The Thai Journal of Veterinary Medicine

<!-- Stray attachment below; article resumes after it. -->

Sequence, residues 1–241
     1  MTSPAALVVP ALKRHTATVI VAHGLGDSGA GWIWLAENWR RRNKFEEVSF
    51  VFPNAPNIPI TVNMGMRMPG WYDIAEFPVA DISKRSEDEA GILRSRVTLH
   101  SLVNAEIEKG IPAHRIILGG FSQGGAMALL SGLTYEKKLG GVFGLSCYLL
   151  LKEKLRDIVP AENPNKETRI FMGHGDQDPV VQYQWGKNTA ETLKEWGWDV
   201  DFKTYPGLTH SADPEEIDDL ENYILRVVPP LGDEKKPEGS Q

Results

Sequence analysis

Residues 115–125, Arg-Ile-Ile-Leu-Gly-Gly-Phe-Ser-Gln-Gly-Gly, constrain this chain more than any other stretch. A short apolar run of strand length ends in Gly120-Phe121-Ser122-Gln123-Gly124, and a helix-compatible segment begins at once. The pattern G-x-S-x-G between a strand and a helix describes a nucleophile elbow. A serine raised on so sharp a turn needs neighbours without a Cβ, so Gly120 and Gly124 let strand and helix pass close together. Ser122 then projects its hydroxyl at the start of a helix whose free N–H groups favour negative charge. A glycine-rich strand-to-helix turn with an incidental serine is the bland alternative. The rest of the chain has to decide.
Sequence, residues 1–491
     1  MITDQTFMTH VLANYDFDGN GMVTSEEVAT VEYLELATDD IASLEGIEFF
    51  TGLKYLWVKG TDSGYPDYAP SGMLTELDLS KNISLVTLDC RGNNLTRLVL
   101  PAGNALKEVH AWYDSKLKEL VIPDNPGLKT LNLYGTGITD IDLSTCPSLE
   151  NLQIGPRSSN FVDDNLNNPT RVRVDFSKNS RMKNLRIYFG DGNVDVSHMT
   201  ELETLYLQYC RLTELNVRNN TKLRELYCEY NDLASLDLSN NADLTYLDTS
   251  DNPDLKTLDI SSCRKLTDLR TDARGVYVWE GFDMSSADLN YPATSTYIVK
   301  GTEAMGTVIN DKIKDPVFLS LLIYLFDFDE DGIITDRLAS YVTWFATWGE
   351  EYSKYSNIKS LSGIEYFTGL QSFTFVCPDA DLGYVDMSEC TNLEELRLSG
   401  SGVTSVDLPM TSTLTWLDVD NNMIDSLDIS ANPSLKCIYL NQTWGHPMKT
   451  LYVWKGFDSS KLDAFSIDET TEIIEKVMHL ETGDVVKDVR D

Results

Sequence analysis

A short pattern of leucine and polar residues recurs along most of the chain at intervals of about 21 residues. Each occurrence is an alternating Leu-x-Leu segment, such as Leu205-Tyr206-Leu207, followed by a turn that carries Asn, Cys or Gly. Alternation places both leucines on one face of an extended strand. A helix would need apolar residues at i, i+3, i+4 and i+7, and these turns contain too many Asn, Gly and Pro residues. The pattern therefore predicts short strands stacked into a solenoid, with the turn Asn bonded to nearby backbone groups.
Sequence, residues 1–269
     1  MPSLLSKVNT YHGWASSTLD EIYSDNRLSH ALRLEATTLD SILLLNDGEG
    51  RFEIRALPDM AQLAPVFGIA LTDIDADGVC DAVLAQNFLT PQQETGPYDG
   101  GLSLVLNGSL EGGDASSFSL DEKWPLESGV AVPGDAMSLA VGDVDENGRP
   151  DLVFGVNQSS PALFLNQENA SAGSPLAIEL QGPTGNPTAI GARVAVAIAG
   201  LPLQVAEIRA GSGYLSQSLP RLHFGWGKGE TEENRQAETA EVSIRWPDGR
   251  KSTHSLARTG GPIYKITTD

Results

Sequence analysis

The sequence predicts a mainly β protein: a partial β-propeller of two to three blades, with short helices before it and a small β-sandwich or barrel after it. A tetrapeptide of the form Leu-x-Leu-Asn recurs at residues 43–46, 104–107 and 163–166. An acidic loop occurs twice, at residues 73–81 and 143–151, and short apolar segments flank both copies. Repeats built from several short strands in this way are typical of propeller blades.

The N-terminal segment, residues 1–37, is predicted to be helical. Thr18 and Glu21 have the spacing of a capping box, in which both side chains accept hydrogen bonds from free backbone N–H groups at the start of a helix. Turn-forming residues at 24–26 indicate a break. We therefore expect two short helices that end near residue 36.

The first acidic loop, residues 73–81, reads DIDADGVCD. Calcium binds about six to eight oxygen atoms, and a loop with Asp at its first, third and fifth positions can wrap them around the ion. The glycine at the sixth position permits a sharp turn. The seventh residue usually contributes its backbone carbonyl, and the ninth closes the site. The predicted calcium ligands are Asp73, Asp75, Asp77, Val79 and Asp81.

Canine babesiosis is a serious disease that is accompanied by the development of shock. The aim of the work was to establish shock, assess its degree, as well as to conduct a clinical trial of anti-shock infusion therapy. 100 dogs of different breeds, weighing 20–40 kg, aged 2–4 years, were involved. The studies used oscillometry (blood pressure, pulse rate), assessment of vascular-platelet hemostasis (platelet count, spontaneous aggregation ability), coagulogram (prothromine and activated partial thromboplastin time, fibrinogen), enzyme immunoassay (fibrin degradation products and D-dimer), biochemical (soluble fibrin-monomer complexes) and hemodynamic (circulating blood volume, hematocrit) methods of investigation. In dogs with acute babesiosis sub-compensated shock grade II developed. The basis for the diagnosis is a significant decrease in the specific volume of circulating blood (p<0.001) and average blood pressure (p<0.05), an increase in the Allgöwer’s Shock Index (p<0.05). Disseminated intravascular coagulation develops at the stage of consumption coagulopathy, which is confirmed by an increase in the level of soluble fibrin-monomer complexes (p<0.001), fibrin degradation products and D-dimer (p<0.05), hypofibrinogenemia (p<0.001), multidirectional shifts in activated partial thromboplastin time and prothrombin time tests. This condition is urgent and requires anti-shock therapy. Infusion therapy with a mixture of solutions of the plasma substitute Rheopolyglucine and the disaggregant Persantine at a dose of 5 ml (45 mg Dexrtan and 2.5 mg Dipyridamole) per 1 kg of animal body weight restores researching parameters and indicators for 48 hours. The use of drugs in an infusion mixture is more effective than using them separately.

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